Meet the COMPASS Scientists – Jennifer Scott describes her work at the Loch Ewe Data Buoy

Jennifer Scott is an Oceanographer based at Marine Scotland and recently started working on the EU INTERREG funded COMPASS project. Here she explains her role on the project and the involvement of Marine Scotland on the project:

Jennifer Scott, Marine Scotland Science

I was fortunate to visit our monitoring site in Loch Ewe in late June to carry out maintenance on our pCO2 sensor and download the last few months of data. Having started at Marine Scotland Science as an Oceanographer on the COMPASS project in April of this year it was my first time meeting a colleague in real life and seeing them as more than just a face on a screen (thanks Pamela Walsham), and my first fieldwork for the project.

The pCO2 sensor we have deployed in Loch Ewe measures the carbon dioxide concentration of the surface water on a daily basis. With CO2 concentrations increasing in the atmosphere, and the oceans absorbing around a third of all of human emissions so far, we are monitoring the affects this is having on the chemistry of the water at Loch Ewe to better understand what this might mean for similar Scottish coastal environments.

Marine Scotland Science have been monitoring environmental conditions at Loch Ewe since 1999, with the initial measurements being surface water temperature. Since then we have upgraded to a shiny new data buoy which was deployed in December 2020. The data buoy is part of the COMPASS project’s network of monitoring buoys across the regional seas of the Republic of Ireland, Northern Ireland and West Scotland. It measures the surface water temperature and salinity, current speed and direction throughout the 40 m water column, wave height and direction, and weather conditions at the site every 10 minutes. We can then view the data live as the buoy is equipped to send the data out automatically.

Photo caption: The pCO2 sensor for Loch Ewe after the barnacles had been scraped off. Our maintenance checks involve removing anything trying to make the sensor its home and checking all of the electronics are in order. We then download the last 3 months of data and charge up the batteries before Jane Grant, our contractor at Loch Ewe who looks after the COMPASS pCO2 sensor and data buoy, returns the sensor to the water. (Photo credit: Jennifer Scott)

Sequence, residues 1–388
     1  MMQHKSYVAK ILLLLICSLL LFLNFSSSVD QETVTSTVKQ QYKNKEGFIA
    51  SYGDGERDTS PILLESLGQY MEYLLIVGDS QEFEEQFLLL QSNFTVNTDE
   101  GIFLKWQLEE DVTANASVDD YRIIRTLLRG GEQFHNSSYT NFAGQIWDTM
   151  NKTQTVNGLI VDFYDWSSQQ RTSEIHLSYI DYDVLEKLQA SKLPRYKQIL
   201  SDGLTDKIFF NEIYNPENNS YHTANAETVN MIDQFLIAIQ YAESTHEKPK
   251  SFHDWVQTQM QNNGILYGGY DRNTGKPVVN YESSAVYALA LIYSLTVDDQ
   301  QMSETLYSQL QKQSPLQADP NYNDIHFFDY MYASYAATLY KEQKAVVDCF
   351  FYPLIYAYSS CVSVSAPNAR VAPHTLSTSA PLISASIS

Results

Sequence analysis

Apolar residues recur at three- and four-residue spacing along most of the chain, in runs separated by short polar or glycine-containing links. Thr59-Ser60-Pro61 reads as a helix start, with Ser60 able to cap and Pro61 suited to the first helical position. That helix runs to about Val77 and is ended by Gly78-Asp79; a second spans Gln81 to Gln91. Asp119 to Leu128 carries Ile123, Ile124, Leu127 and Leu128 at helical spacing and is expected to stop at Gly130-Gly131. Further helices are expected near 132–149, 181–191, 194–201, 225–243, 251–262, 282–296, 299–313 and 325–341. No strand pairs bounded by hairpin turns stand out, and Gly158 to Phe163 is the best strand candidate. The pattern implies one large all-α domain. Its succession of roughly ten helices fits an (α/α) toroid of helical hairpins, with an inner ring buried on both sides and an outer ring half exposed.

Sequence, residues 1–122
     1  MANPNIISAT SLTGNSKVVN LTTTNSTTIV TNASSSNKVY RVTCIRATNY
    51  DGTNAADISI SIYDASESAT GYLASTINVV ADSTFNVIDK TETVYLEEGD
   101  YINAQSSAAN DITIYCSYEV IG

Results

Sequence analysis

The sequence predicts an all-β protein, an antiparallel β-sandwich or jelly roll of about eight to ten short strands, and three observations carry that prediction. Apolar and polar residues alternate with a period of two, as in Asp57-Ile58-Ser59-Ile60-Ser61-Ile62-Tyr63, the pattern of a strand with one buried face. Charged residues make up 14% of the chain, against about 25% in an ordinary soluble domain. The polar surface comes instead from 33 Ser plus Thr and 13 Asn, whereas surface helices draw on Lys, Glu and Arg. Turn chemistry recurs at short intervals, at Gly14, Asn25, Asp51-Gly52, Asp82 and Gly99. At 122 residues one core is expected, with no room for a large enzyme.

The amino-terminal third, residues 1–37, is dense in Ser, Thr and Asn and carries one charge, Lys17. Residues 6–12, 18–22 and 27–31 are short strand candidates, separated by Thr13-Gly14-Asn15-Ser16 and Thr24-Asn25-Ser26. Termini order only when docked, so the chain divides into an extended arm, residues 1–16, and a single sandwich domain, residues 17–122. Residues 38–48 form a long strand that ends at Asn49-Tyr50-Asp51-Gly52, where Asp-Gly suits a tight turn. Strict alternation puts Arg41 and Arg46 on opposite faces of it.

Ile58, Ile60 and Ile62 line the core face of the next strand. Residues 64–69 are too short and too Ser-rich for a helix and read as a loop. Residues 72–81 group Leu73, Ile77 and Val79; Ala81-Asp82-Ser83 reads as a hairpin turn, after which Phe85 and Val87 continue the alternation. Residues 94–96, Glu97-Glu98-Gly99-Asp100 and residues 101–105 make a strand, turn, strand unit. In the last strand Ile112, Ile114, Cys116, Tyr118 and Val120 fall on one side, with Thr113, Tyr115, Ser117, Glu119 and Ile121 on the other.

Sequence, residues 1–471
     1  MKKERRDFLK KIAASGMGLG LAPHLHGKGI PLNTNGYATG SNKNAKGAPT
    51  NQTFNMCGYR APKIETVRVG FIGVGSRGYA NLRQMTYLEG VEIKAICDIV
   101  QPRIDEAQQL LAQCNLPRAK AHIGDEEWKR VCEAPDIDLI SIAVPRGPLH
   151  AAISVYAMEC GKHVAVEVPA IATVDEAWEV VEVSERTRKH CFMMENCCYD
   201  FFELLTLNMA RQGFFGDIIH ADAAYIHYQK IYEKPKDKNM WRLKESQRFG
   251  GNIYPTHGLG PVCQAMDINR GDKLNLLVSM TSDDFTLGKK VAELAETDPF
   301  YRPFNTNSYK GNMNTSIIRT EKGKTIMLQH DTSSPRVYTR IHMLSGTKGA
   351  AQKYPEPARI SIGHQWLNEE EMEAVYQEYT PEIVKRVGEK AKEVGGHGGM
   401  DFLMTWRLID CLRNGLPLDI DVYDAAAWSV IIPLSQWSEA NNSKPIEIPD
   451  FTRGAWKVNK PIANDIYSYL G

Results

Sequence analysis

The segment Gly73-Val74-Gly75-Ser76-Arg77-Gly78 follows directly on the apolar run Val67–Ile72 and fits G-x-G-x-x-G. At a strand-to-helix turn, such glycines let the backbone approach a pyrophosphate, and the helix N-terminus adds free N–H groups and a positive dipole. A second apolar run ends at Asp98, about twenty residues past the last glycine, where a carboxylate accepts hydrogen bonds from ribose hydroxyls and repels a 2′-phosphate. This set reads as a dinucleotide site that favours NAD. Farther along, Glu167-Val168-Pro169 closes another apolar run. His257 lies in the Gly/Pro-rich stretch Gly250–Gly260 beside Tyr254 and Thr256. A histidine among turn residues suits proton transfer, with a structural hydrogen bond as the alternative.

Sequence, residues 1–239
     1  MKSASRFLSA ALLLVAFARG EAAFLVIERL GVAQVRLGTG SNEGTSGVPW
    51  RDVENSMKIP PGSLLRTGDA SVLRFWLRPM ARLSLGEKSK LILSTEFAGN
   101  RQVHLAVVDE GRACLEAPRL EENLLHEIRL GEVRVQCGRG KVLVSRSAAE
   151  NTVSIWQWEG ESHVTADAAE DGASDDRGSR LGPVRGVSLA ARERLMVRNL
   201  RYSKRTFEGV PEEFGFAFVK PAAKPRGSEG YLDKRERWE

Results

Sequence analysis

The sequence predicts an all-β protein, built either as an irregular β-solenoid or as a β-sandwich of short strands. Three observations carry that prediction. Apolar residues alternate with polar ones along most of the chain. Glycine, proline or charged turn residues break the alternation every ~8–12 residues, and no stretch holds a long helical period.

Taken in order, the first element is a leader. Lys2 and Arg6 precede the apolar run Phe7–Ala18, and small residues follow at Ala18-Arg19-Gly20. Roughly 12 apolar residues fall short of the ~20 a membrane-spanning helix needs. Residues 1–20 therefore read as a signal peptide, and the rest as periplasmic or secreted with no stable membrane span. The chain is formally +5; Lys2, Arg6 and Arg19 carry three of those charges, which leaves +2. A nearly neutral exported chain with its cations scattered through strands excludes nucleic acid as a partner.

The data we are collecting in Loch Ewe from the data buoy and pCO2 sensor, along with weekly water sampling to measure physical water properties, nutrient concentrations and the plankton community for the Scottish Coastal Observatory, provide us with a detailed understanding of how our coastal waters vary through time. We need these long term monitoring programmes over multiple decades to identify long term changes in Scotland’s coastal ecosystems amongst the shorter term annual and seasonal variation.

Photo caption: The Loch Ewe COMPASS data buoy as seen from the Marine Scotland research vessel RV Scotia on a glorious sunny day in May 2021. The buoy is located in the outer basin of Loch Ewe, north west of the Isle of Ewe pictured here. (Photo credit: Helen Smith)

I am really looking forward to working further on the COMPASS project with the data coming from Loch Ewe. My role over the next year will involve creating a data management plan for the data buoy data to share this with the public, as well as assessing the scientific questions we can answer with the abundance of data we are collecting. Part of my time will also be spent visiting Loch Ewe, time I look forward to greatly!

For more information on the Loch Ewe site visit the dedicated Marine Scotland web page Loch Ewe COMPASS metocean buoy | Marine Scotland Information